"I would like to see my quarters," Michelle admitted, "but I'd like to see Flag Deck even more." She pointed over her shoulder at Chris Billingsley, who stood beside Lieutenant Archer a respectful three paces behind her. "If you could detail a guide for Chris here, and see to it that he gets to our quarters, I'd really prefer to head on up to Flag Deck. It's one way to stay out from underfoot while he fusses around and gets everything arranged perfectly."

            Armstrong glanced at the steward, one eyebrow rising as she noticed the out-sized  animal carrier in his right hand, then shrugged, chuckled, and nodded.

            "Of course, Milady. Would you object if I had my XO and tac officer join us there, as well?"

            "On the contrary, I was just about to ask you to invite them to do that."

            "Good. In that case, Admiral, I believe the lifts are on the other side of that heap of engineering spares somewhere."

* * * * * * * * * *

            It was indeed much quieter once the lift doors had closed behind them, and Michelle's nostrils flared as she inhaled the new-ship smell. There was nothing else quite like it. The environmental plants aboard the Navy's warships were extremely efficient at filtering out the more objectionable aromas a starship's closed environment generated so effortlessly. But there was a difference between air that was inoffensively clean and air that carried that indefinable perfume of newness. Before Michelle's Uncle Roger had begun his military buildup in response to the People's Republic of Haven's remorseless expansionism, some naval personnel had served their entire careers without smelling that perfume more than once. Some of them had never smelled it at all, for that matter.

            Michelle, on the other hand, had actually lost track of the number of times she'd smelled it. It was a small thing, perhaps, but it was the sort of small thing that put the enormous investment in money, resources, industrial effort, and trained personnel into stark perspective. The Star Kingdom of Manticore, for its size, might well be the wealthiest political entity in the entire galaxy, yet Michelle hated to think about the deficit the Star Kingdom was running up as it strained every sinew to survive.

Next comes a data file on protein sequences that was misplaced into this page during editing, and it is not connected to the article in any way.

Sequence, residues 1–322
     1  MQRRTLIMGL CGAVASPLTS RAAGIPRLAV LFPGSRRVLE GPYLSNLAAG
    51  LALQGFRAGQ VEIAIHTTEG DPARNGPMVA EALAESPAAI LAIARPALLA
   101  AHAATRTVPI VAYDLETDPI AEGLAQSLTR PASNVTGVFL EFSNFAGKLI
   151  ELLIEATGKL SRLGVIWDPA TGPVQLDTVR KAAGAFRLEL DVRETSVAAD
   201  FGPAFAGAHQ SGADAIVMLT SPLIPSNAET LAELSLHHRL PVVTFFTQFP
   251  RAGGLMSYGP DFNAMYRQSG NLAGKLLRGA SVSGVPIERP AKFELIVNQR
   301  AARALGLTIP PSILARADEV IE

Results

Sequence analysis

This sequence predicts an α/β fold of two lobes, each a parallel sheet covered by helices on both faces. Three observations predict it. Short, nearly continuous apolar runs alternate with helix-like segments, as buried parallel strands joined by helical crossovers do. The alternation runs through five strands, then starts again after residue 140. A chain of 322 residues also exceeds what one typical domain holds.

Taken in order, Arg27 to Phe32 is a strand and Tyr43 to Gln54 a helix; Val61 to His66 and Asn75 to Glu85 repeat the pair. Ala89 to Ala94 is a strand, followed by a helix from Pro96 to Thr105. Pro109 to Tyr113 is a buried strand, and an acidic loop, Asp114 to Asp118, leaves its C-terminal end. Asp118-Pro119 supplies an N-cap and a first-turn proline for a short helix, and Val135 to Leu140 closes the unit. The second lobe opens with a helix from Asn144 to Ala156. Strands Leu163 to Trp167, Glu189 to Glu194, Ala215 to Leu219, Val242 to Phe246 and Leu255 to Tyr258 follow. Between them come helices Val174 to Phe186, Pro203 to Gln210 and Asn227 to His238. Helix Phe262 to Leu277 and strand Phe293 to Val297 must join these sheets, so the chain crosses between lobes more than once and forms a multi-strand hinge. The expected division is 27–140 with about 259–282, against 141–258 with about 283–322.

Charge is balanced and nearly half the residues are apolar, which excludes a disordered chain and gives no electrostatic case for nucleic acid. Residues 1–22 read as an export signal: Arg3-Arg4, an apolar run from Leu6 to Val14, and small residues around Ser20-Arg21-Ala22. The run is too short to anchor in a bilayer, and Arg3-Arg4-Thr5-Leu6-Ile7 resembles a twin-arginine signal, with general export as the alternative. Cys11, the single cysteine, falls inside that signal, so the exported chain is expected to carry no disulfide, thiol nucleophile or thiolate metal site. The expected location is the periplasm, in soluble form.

It's cheaper than buying a new kingdom, Mike, she told herself grimly, then gave herself a mental shake. And only you are perverse enough to go from "Gosh this ship smells wonderful!" to worrying about the national debt in point-three seconds flat. What you need is a treecat of your own. Someone like Nimitz to kick you in the ass — or bite you on the ear, or something — when you start doing crap like this.

            "Despite all of the yard dogs and loose parts scattered around, she looks like a beautiful ship, Captain," she said to Armstrong.

            "Oh, she is. She is!" Armstrong agreed. "And I only had to contract three murders to be sure I got her, too," she added cheerfully.

            "Only three?"

            "Well, there was that one other candidate," Armstrong said thoughtfully. "But he requested assignment somewhere else after I pointed out what had happened to the other three. Tactfully, of course."

            "Oh, of course."